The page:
Plant quarantine rules put stranglehold on process

October 11, 2023 | 09:30
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Regulations introduced earlier in the year forcing quarantine of all plants for import, export, and transit have caused numerous problems for businesses, particularly in terms of popular items like cashews.

Since March, the Ministry of Agriculture and Rural Development (MARD) has enforced quarantine of all imported plant shipments and those for re-export processing.

Plant quarantine rules put stranglehold on process
Plant quarantine rules put stranglehold on process, illustration photo/ Source:

Document No.06/VBHN-BNNPTNT stipulates that all exported and imported plant shipments have to be checked and quarantined until they meet standards, replacing the previous random checking system.

Among vegetables and fruits on the list of objects subject to quarantine, Vietnamese cashews capture the largest market share around the world.

According to the General Department of Vietnam Customs, over the first eight months of 2023, Vietnam’s cashew exports reached nearly 395,600 tonnes worth $2.28 billion. This is up 15.5 per cent in volume and 11.3 per cent in value compared to the same period last year.

But in the same period, Vietnam’s average cashew export price came down by 3.6 per cent on-year, totalling $5,760 per tonne.

At a meeting with the MARD last week, Vu Thai Son, CEO of Long Son JSC and chairman of the Binh Phuoc Cashew Association, said cashew exporters now face extreme woes due to low selling prices and high costs of raw material and production.

Since Document 06 was issued, the quarantine agency has sent officers to inspect all cashew nut shipments registered for export at factories in the southern province of Binh Phuoc, adding more barriers to businesses.

“With the maximum quarantine time, weak enforcement, and remote cashew factories, businesses have to spend far too much time waiting, and they cannot fulfill orders or manage capital flows,” Son claimed.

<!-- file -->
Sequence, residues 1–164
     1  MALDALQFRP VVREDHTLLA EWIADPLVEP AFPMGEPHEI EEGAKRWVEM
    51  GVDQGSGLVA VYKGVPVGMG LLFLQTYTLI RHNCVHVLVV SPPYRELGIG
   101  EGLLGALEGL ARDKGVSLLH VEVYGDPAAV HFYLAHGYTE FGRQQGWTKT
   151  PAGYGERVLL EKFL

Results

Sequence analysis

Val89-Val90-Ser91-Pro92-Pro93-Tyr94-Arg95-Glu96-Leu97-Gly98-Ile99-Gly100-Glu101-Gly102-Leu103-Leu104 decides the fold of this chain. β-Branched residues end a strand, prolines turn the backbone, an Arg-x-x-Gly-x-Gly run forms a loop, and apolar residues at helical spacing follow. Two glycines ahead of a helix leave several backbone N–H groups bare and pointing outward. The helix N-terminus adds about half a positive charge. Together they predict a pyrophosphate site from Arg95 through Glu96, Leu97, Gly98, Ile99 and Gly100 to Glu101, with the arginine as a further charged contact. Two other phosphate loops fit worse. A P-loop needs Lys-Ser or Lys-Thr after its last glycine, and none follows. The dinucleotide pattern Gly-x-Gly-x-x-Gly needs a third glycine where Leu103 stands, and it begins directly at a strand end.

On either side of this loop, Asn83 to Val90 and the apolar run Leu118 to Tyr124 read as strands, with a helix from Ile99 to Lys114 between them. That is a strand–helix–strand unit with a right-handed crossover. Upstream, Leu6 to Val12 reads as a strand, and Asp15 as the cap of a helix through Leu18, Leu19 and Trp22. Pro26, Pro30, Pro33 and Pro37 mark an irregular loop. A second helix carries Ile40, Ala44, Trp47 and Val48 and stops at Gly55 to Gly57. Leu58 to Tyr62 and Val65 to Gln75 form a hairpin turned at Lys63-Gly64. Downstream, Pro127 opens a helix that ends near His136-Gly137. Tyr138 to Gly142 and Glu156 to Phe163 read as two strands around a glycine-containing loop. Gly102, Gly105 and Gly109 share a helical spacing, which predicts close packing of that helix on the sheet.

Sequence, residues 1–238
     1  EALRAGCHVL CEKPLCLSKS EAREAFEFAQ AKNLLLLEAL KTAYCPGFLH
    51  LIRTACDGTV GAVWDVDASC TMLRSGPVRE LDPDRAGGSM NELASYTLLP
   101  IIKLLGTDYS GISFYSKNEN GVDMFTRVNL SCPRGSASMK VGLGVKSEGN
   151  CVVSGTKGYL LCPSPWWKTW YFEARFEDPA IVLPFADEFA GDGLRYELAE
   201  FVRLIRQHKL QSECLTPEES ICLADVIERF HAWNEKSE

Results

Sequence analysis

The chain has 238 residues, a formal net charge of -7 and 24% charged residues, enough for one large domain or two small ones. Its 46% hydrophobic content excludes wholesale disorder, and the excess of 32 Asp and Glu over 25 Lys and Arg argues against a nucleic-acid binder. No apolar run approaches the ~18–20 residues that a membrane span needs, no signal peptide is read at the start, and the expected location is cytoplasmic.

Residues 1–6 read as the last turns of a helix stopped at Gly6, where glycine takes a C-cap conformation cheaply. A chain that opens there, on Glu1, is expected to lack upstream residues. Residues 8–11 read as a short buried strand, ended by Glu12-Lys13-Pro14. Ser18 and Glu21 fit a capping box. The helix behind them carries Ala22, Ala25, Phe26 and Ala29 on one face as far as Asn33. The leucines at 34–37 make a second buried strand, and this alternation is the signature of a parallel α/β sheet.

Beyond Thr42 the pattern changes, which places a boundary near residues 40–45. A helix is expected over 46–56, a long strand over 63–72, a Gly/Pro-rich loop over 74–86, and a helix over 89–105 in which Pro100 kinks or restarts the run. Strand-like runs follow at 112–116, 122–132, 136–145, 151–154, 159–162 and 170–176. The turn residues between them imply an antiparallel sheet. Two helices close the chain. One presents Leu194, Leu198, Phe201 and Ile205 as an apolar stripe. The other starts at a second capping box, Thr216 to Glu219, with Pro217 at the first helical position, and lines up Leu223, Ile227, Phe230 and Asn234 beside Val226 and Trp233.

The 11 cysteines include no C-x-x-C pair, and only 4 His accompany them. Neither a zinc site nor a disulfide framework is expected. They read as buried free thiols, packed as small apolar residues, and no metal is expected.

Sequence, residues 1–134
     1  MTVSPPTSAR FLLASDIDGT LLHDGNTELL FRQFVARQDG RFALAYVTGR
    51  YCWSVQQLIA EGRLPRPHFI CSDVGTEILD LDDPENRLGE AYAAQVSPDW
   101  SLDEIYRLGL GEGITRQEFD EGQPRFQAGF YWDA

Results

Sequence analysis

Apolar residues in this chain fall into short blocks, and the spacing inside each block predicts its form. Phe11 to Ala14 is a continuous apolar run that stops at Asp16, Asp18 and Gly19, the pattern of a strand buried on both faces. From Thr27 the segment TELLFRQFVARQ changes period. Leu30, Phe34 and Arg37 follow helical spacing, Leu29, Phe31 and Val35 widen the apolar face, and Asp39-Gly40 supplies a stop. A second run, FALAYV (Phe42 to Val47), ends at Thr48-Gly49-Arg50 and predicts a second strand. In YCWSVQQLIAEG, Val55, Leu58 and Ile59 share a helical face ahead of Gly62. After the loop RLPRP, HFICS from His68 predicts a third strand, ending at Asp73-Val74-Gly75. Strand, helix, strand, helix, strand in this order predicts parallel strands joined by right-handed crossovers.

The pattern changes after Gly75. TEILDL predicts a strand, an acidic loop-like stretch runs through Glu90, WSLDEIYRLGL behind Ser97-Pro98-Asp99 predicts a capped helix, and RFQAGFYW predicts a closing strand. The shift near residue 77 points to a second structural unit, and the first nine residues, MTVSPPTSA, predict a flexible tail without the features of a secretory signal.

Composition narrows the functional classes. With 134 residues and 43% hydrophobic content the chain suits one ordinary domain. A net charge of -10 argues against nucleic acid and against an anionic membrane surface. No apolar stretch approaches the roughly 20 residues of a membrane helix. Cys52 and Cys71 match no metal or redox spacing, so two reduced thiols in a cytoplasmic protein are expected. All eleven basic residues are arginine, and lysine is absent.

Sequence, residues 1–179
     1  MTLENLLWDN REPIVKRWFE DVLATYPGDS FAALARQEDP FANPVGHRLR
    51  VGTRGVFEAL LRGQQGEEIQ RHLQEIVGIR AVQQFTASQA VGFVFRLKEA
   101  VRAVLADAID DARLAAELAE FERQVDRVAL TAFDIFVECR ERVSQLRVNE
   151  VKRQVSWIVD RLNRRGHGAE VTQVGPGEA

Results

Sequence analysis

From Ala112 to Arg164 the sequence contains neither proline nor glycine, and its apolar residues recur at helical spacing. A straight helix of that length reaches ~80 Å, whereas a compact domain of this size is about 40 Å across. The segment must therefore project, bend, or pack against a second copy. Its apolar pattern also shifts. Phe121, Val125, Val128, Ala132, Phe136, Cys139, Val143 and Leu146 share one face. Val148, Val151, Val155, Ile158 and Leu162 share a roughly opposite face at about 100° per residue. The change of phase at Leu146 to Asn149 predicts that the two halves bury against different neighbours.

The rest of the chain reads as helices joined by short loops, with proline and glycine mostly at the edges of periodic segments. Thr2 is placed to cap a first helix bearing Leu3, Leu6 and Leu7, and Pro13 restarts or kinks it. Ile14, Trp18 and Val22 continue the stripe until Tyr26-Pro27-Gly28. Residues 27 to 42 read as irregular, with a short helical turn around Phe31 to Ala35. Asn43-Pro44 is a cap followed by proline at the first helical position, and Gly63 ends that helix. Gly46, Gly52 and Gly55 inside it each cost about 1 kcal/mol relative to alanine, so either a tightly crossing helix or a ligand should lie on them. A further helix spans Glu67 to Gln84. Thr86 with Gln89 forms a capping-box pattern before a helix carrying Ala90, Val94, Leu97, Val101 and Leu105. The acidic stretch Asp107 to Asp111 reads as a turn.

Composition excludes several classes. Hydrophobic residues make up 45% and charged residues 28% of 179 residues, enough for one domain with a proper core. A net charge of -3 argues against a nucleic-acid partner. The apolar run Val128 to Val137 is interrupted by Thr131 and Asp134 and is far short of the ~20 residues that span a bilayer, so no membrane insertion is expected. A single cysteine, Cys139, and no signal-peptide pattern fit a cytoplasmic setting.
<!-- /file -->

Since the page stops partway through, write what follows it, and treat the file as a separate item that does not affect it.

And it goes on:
During the production process, cashew nuts are cooked and pasteurised before being vacuum packaged in oxygen-free bags for a storage period of 24 months.

Thus, the time to inspect the shipment is right before export, at the same time as the plant quarantine agency also takes samples and checks for termites and insects of export shipments at factories.

“There are currently two units carrying out inspections with the same criteria at the same time, and with the same purpose for an export shipment, while the independent inspection unit is performing a much more thorough inspection process with a higher sampling rate,” Son added.

Furthermore, because the plant protection agency’s quarantine staff numbers are low, they take a lot of time to get samples of every exported cashew shipment, Son explained. Every day, about 30 businesses in various districts in Binh Phuoc alone register for plant quarantine at a quantity of about 60-70 containers per day.

In the opposite direction, the cashew industry imports more than 80,000 containers every year. The cost of inspection, getting samples, and storage totals around $5-6 million on an annual basis.

At last week’s meeting with cashew producers, Le Son Ha from the MARD’s Plant Protection Department (PPD) said that raw cashews imported from Africa have a number of pest issues that need to be controlled, so mandatory quarantine regulations must be implemented immediately at seaports, without imported goods moving deeper inland first.

“As for processed cashew nuts, the risk of pest infection is enough low and almost non-existent, so the current quarantine process is unnecessary. We are proactively proposing to the MARD to eliminate the quarantine stage.”

Explaining the reason for two inspections on exporting shipments, Nguyen Thi Thu Huong, deputy director general at the PPD, said that cashew products are subject to plant quarantine to detect harmful organisms.

“Quality inspection is an entirely different work to assess conformity and whether the quality of exported cashew nuts can meet the buyer’s conditions or not. They are thoroughly different as one is mandatory, and the other is voluntary,” Huong said.

Listening to the comments of businesses to combine quality checking and plant quarantine to reduce costs and time, she said, “The department has held a meeting with cashew associations to find appropriate solutions to ensure both mandatory quarantine criteria for export shipments and to save time for businesses. However, at present, businesses still have to comply with meeting quarantine requirements.”

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